The ends can justify the means.

  4. #4

    Re: Writing setbacks standards to mirror existing neighborhoood character

    Two word: Google Earth, bay-bee!
    While surveys or plats are ideal in a perfect world, GE is a great alternative and gives you pretty much what you need. Also, when defining existing setback, try to avoid confusing terms like "streetwall", "visual continuity" and other terms that will leave Joe Sixpack . Explain why it is important to align with the setback and he'll understand it better.
    On pitching to Stan Musial:
    "Once he timed your fastball, your infielders were in jeopardy."
    Warren Spahn

  5. #5
    Cyburbian SW MI Planner's avatar
    Registered
    Feb 2002
    Location
    Michigan
    Posts
    3,173

    Re: Writing setbacks standards to mirror existing neighborhoood character

    Quote Originally posted by mendelman
    yeah...that's a good thing to remember - must define existing setback.
    yah, existing setback of WHAT? The next door neighbor, the whole block, etc? Here is how we deal with this issue:

    (b)    Front Yard. There shall be a front yard of not less than thirty feet, provided that if forty percent or more of all the frontage on one side of a street between two intersecting streets has been developed with one-family houses, the front yard so established shall prevail. This section shall not be construed to permit any new house to be closer than twenty feet to the front lot line, or require a front yard setback of more than fifty feet from the front lot line.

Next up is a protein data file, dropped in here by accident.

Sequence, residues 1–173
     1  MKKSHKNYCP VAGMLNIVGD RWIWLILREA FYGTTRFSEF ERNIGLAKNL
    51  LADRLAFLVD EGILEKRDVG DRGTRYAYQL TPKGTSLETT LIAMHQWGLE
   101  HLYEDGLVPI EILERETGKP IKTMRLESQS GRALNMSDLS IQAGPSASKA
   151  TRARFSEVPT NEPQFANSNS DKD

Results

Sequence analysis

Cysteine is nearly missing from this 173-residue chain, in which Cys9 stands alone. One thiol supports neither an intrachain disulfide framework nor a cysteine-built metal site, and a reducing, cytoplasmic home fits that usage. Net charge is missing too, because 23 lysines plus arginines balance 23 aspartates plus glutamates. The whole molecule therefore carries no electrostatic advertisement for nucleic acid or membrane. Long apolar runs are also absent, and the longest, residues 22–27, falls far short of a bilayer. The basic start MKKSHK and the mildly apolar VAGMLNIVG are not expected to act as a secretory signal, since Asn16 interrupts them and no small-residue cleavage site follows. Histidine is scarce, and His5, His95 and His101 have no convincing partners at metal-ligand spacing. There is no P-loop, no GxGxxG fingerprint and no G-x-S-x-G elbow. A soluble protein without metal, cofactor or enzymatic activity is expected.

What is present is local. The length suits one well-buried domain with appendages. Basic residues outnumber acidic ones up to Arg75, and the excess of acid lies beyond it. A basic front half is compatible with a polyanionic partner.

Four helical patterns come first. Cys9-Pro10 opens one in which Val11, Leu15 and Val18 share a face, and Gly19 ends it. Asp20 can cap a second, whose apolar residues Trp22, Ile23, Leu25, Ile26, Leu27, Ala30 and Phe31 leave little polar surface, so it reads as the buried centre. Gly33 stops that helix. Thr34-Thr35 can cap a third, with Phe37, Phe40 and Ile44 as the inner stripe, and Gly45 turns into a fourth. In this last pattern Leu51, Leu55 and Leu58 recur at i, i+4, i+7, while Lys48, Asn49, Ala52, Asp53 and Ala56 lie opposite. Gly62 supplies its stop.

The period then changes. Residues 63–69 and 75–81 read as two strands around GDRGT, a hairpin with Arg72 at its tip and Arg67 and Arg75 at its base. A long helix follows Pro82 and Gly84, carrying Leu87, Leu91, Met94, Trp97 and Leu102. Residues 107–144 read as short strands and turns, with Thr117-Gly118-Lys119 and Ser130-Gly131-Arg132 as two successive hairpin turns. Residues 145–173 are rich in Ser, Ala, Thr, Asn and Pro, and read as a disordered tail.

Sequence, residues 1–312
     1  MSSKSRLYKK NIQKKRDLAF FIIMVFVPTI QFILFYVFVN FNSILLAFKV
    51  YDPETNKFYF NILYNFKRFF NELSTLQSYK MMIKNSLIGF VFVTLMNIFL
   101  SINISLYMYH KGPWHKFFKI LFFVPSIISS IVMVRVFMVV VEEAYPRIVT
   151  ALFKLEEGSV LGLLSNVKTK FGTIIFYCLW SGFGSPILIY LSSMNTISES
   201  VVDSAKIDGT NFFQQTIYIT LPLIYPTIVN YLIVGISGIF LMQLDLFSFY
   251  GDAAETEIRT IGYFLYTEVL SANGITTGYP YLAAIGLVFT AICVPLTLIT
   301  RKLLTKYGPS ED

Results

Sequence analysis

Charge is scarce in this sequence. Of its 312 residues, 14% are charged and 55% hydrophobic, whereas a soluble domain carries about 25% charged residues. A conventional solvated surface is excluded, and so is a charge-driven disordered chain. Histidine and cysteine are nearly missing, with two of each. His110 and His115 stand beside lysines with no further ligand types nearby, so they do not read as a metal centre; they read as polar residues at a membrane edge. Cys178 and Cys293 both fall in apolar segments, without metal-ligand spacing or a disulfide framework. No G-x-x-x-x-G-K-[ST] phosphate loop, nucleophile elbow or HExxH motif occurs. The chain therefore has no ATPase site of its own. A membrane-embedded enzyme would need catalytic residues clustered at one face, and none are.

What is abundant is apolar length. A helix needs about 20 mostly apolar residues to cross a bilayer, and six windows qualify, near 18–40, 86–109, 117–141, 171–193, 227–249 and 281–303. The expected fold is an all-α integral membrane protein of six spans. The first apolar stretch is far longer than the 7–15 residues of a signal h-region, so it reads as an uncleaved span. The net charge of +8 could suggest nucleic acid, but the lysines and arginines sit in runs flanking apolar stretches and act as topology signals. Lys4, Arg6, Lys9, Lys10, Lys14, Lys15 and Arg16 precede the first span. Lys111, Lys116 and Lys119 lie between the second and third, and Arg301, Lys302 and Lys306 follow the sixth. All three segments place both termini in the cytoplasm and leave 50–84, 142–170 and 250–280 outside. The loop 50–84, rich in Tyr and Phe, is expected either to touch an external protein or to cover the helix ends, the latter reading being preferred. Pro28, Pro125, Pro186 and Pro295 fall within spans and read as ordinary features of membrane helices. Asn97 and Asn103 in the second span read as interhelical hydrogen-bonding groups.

6. #6
    Unfrozen Caveman Planner mendelman's avatar
    Registered
    May 2003
    Location
    Staff meeting
    Posts
    8,370

    Re: Writing setbacks standards to mirror existing neighborhoood character

    Quote Originally posted by SW MI Planner
    yah, existing setback of WHAT? The next door neighbor, the whole block, etc? Here is how we deal with this issue:
    The existing setback of the property/building in question for review.

    Sorry, if I didn't make that clear enough in the original post.
    I'm sorry. Is my bias showing?

    The ends can justify the means.

  7. #7
    Cyburbian SW MI Planner's avatar
    Registered
    Feb 2002
    Location
    Michigan
    Posts
    3,173

    Re: Writing setbacks standards to mirror existing neighborhoood character

    Quote Originally posted by mendelman
    Quote Originally posted by SW MI Planner
    yah, existing setback of WHAT? The next door neighbor, the whole block, etc? Here is how we deal with this issue:
    The existing setback of the property/building in question for review.

    Sorry, if I didn't make that clear enough in the original post.
    No problem! Here's where I was/am confused. If you have a vacant lot, then there is no existing setback. So, what # do you use? Then, say there is an existing house that wants to rebuild a front porch that was removed 50 years ago. The house is at 25 feet, but all other houses in the block are at 15 feet. What you proposed wouldn't allow the front porch without a variance. I don't know, just a few things to think about. I really like the way our wording is (posted above) because it does allow for some flexibility depending on the situation.

+ Reply to thread

More at Cyburbia

  1. Replies: 10
    Last post: 25 Oct 2009, 2:24 AM
  2. Replies: 2
    Last post: 20 Dec 2006, 9:47 AM
  3. Replies: 37
    Last post: 28 Feb 2005, 9:29 PM
  4. Replies: 1
    Last post: 28 Jan 2003, 6:33 PM
  5. Replies: 1
    Last post: 14 Oct 1997, 6:31 PM